Living up to IIMB’s ethos of building socially responsible leaders, EPGP celebrated the annual day of its social initiative Prayaas on Sunday, 5th February. This year’s theme of ‘Social inclusion’ resonated all over the campus with inspiring slogans: ‘Together we can’ and ‘Be the change.’ Today’s event is yet another successful milestone in the journey that began with the inception of Prayaas in 2009.
About 31 transgenders from Payana, an NGO for sexual minorities and 46 children from Surabhi, an orphanage for destitute children, joined the IIMB community today to stand together and celebrate the essence of humanity with a powerful message of social inclusion. Delivering the inaugural speech, Prof. Dinesh Kumar, Chairperson EPGP, lauded the students’ efforts and hoped that the event will instill a sense of confidence in the attendees. Ms. Jyothi Rao of Kathaalaya entertained the audience with her masterful storytelling; her interactive narration of ‘Chrysanthemum’ and ‘Pony Tail’ not only captivated the crowd but also, subtly but surely, delivered the message of challenging what is ‘socially acceptable’ and standing up to bullying.
Mr. Nagaraja Prakasam from NSRCEL, the start-up incubator at IIMB, informed the audience of some social enterprises mentored by the Institute and encouraged all to seek solutions to the everyday problems in our society. Mr. Abee Daniel, founder Rural Shores, spoke of his calling to work on social causes after quitting a successful corporate career. Screening of the short film ‘That’s my boy’ highlighted the various challenges faced by transgenders in India, through the inspirational journey of Sonu, who was born Sonia.
Following the lunch over which all the attendees got to socialize and interact with each other, group activities brought forth the collective talent from EPGP students, children and transgenders. All the participants, divided into ten groups, showcased posters, skits, and paintings – each with a socially relevant message. The audience cheered the many talents with thunderous claps and appreciated the ideas put forward.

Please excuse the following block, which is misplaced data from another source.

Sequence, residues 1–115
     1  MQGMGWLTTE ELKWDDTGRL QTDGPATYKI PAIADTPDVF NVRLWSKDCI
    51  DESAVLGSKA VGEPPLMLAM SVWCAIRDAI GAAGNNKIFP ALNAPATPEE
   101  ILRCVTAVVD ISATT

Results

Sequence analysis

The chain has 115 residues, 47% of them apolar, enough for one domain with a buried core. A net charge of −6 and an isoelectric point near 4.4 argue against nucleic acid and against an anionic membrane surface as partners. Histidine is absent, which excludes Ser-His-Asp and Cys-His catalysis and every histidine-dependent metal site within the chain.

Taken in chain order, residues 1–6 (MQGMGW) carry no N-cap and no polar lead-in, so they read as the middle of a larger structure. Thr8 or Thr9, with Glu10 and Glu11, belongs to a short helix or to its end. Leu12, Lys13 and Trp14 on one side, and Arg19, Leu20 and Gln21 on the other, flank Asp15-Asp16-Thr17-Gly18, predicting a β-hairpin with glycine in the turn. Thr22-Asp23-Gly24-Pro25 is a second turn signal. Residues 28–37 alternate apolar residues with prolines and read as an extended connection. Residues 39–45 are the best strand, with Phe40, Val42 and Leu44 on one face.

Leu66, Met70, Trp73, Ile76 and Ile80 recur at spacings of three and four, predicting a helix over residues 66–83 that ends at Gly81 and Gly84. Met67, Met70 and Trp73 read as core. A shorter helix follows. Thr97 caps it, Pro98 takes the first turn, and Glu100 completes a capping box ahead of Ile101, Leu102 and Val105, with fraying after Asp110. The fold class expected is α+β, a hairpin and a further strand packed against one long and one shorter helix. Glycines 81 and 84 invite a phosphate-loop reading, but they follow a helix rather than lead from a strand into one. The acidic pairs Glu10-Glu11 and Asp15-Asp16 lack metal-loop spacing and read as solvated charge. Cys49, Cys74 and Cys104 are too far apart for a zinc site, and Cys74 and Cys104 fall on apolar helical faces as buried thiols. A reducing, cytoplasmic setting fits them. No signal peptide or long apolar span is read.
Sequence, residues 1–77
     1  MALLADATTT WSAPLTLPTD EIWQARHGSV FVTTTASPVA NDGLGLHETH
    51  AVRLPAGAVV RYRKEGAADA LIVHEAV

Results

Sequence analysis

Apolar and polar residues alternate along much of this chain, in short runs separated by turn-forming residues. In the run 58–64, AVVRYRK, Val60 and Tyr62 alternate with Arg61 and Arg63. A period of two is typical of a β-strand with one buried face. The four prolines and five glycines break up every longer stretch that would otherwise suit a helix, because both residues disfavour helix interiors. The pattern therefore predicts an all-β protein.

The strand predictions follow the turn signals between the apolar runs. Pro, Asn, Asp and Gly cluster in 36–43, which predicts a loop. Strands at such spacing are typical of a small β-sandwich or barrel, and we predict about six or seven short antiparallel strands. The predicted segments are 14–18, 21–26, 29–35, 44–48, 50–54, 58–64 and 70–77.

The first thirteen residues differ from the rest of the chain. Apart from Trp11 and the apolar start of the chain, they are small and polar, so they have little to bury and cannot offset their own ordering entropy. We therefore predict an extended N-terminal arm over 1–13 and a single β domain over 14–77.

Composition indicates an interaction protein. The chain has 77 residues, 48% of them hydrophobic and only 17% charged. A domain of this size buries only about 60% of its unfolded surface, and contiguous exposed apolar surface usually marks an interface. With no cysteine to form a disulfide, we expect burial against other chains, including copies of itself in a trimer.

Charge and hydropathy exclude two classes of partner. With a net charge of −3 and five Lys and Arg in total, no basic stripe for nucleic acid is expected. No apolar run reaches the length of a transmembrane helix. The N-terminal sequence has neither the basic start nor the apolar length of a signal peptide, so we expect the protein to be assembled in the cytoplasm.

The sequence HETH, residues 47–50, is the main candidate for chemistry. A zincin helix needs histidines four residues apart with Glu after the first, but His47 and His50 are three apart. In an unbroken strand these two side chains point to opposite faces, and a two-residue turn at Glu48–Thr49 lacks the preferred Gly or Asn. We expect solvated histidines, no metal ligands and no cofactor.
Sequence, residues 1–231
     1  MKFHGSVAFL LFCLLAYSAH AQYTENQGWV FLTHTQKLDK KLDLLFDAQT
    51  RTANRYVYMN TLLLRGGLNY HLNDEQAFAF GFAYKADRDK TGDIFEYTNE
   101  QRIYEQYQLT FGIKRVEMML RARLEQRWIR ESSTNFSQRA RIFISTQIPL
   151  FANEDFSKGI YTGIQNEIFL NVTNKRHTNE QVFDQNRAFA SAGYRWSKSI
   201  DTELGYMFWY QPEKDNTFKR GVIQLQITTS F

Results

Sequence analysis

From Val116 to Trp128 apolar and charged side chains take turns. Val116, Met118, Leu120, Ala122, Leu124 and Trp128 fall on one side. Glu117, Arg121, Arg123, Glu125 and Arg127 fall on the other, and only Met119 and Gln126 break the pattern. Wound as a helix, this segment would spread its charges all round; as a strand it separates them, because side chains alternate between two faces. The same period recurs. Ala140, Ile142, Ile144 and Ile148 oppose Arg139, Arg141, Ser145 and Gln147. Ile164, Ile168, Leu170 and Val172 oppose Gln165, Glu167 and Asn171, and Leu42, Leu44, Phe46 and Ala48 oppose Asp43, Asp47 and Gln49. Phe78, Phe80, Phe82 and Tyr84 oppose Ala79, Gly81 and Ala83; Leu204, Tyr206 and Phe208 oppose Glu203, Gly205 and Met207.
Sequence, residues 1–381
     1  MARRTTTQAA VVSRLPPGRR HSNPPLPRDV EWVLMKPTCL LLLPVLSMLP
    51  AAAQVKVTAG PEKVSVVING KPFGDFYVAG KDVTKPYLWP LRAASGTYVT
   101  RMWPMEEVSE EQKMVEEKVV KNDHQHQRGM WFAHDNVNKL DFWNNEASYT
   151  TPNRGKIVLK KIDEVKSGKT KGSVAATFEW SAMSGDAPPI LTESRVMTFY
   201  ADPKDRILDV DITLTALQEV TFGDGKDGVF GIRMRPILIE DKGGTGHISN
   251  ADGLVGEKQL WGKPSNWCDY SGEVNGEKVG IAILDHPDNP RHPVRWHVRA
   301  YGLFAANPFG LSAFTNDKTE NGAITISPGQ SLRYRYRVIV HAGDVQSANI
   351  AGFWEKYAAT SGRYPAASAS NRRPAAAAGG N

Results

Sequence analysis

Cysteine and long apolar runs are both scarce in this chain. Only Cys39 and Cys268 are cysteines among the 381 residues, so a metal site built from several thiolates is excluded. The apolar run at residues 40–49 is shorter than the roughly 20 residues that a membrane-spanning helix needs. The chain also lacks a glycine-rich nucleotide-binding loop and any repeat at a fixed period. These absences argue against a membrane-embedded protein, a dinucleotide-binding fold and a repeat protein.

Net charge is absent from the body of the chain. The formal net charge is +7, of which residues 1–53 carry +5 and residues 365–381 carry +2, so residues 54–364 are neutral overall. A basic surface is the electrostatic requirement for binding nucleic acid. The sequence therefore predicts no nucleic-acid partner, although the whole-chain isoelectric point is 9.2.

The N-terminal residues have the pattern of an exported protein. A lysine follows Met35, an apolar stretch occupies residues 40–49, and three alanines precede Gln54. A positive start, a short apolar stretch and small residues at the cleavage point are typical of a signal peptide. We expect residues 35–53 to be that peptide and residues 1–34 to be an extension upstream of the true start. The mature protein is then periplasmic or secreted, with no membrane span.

Speaking about social inclusion, Mr. Prakash Belawadi, eminent theater and film personality, highlighted the need for change in policy-making and social attitudes towards the underprivileged sections. When one Ms. Saroja described how, despite being an accomplished student—winning several awards from the Government of Tamil Nadu— she was driven out of her home and resorted to begging for being transgender, it was a heart-wrenching moment for everyone. It is indeed a reflection of our collective failure as a society to provide an appropriate platform for the often misunderstood, marginalized and vulnerable members of the transgender community to succeed and live up to their fullest potential.
The event culminated with a fun-filled group dance that witnessed everyone discovering the inner-child and joining the kids to shake a leg. Children, students, and transgenders joined to put a splendid dance performance for popular film and patriotic songs. All the guests to IIMB were presented with a memorable memento, crafted by Diya Foundation—an organization providing vocational training and livelihood for the intellectually challenged.
In summary, the well-orchestrated Prayaas day couldn’t have chosen a better theme for this year. As intolerance is on the rise world over, and leaders of the developed world are busy building walls or shunning refugees, IIMB’s EPGP drove home the message of social inclusion loud and clear: sustainable communities must be inclusive, where even the weak and the vulnerable feel empowered members of the society regardless of their background, birth, religion, gender identity or gender expression. Is the world listening?
Pavan Swaroop Rapaka